# Direction of wall shear stress

#### Tunneller

What is the definition of shear stress in a cylindrical tube? It seems like sometimes that is written
$$\tau = \mu \frac {\partial u} {\partial r}$$
but then at some magic moment it gets rewritten as
$$\tau = - \mu \frac {\partial u} {\partial r}$$
so as to arrive at formula like
$$\tau = - \frac{r}{2} \frac{dP}{dx}$$
for a value of positive shear stress in uniform flow.

So I guess this is because the one is shear in the fluid and the other is shear seen by the wall, or the other way around....

The slickest explanation I saw of this was to posit
$$\tau = \mu \frac {\partial u} {\partial y}$$
where y was distance from the wall, so with y in the opposite sign of r that gets you to positive shear stress in the fluid again. But again this seems like semantics. Is there an official nomenclature how to speak of the shear that is measured in the direction of the flow versus the shear that is measured against the direction against the flow?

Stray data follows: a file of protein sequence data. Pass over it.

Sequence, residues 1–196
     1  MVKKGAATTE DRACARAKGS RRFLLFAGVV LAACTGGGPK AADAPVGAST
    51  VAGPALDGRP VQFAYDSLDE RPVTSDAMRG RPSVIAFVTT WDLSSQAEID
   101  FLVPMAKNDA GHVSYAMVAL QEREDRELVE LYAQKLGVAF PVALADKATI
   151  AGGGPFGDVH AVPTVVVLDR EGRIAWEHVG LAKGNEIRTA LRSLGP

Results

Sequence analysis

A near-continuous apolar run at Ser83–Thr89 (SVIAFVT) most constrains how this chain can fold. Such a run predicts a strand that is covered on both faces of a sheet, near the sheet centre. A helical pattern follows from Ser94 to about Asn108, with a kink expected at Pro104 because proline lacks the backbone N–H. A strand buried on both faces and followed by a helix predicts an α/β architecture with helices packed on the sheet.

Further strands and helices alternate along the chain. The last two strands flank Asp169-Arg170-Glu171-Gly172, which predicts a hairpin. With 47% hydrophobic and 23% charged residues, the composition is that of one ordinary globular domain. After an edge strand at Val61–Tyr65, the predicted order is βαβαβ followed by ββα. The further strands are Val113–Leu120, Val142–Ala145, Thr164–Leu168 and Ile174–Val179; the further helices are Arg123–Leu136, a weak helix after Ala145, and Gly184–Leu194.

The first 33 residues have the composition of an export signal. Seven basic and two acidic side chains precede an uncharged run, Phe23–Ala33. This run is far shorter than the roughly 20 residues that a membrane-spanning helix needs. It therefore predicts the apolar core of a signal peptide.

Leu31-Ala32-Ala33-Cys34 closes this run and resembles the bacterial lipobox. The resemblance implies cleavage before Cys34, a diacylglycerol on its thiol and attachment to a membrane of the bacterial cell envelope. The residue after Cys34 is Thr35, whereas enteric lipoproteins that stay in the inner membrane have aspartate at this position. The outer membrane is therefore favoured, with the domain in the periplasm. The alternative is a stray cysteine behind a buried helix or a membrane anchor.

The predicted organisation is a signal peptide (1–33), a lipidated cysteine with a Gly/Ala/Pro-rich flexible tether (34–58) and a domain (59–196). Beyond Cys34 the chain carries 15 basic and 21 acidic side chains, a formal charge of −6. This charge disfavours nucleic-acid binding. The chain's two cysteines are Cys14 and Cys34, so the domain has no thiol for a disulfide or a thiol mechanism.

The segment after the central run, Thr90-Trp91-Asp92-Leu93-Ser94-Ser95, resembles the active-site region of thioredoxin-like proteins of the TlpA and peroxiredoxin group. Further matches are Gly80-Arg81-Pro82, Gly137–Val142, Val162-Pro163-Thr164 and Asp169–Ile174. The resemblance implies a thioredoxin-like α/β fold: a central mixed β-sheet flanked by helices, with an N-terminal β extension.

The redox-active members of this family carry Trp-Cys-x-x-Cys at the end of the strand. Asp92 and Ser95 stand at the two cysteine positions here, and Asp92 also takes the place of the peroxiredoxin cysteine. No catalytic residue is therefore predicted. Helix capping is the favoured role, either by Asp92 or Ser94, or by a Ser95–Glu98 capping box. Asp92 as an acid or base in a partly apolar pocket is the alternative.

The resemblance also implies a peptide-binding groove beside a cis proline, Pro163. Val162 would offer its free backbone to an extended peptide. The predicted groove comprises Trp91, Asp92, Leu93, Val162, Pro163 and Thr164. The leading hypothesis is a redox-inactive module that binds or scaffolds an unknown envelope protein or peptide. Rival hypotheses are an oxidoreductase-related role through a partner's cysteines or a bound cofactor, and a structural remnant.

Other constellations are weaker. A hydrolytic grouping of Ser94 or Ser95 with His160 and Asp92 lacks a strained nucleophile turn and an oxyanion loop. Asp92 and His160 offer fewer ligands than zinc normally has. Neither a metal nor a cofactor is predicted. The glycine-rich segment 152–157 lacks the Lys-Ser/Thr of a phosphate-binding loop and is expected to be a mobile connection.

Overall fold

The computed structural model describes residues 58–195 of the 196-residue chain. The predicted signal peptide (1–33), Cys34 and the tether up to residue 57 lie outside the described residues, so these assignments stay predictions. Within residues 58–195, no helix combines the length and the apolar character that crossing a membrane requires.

Thanks

Related Mechanical Engineering News on Phys.org

#### Chestermiller

Mentor
Your suspicions about the two equations are correct. To get a fundamental understanding of how to handle stress in fluid and solid mechanics problems, it is imperative to learn about the Cauchy Stress Relationship. Google this, or find it in a text book and master its use.

"Direction of wall shear stress"

### Physics Forums Values

We Value Quality
• Topics based on mainstream science
• Proper English grammar and spelling
We Value Civility
• Positive and compassionate attitudes
• Patience while debating
We Value Productivity
• Disciplined to remain on-topic
• Recognition of own weaknesses
• Solo and co-op problem solving